Adenocarcinoma of the oesophagus and gastric cardia: male preponderance in association with obesity.Eur J Cancer. 2006 May; 42(8):1151-8.EJ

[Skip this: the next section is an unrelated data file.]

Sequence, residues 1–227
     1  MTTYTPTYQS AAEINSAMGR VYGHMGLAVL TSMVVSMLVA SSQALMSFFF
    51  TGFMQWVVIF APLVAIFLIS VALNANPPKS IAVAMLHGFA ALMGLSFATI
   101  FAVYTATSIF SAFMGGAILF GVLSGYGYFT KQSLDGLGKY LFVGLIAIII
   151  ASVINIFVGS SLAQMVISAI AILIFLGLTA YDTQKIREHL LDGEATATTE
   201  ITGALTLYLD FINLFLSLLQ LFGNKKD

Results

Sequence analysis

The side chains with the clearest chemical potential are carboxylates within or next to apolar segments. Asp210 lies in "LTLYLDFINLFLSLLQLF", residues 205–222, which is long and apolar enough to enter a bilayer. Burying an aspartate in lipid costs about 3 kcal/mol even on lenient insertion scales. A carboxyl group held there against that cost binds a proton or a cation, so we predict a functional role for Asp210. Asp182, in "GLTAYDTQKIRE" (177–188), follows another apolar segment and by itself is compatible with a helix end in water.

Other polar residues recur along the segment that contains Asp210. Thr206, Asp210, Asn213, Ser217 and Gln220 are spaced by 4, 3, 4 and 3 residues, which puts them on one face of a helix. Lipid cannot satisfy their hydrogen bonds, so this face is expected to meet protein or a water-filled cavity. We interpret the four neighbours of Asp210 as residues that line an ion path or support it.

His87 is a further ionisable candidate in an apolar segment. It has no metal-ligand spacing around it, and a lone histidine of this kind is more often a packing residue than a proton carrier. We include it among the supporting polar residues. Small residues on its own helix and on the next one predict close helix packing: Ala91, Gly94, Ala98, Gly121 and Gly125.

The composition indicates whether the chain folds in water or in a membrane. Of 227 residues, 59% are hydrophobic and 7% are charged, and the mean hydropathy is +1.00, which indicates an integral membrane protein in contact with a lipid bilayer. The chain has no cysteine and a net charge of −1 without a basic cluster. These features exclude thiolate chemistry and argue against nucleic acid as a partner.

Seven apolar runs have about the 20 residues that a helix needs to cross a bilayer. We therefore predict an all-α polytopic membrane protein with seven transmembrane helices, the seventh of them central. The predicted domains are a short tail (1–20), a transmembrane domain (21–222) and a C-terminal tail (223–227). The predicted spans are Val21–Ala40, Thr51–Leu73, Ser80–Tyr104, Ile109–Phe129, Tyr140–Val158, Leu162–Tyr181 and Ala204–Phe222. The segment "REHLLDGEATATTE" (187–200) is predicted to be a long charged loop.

Recent evidence links obesity with the rising incidence of oesophageal adenocarcinoma. In Ireland between 1995 and 2004 the incidence of oesophageal adenocarcinoma increased by 38%, and this coincided with a 67% increase in the prevalence of obesity. In this study, a prospective case-control study was undertaken in 760 patients presenting to a tertiary centre between 1994 and 2004 diagnosed with cancer of the oesophagus, gastric cardia or stomach. Data were compared with 893 healthy controls. Multivariate logistic regression models were used to calculate the odds ratio (OR) of developing either cancer type according to quartiles of body mass index (BMI). Based on pre-illness BMI, 82% of patients who developed adenocarcinoma of the oesophagus were either overweight or obese compared with 59% of the healthy control population (P<0.001). A dose-dependent relationship existed between BMI and oesophageal adenocarcinoma in males. The adjusted odds ratio was 4.3 (95% CI: 2.3-7.9) among males in the highest BMI quartile compared with males in the lowest quartile (P<0.001 for trend). Using common cut-off points for BMI, the OR of adenocarcinoma of the lower oesophagus was 11.3 times higher (95% CI: 3.5-36.4) for individuals with a BMI >30 kg/m2 versus individuals with a BMI <22 kg/m2 (P<0.001 for trend). For adenocarcinoma of the gastric cardia, males in the top quartile of BMI had an OR of 3.5 (95% CI: 1.3-9.4) compared with the lowest quartile (P=0.03 for trend). A significant (P<0.001) inverse relationship between BMI and oesophageal SCC was observed. The odds ratio for adenocarcinoma of the oesophagus, the oesophago-gastric junction and gastric cardia rose significantly with increasing BMI. For tumours of the lower oesophagus, obesity increased the risk 10.9-fold. The increased risk is significant in males only.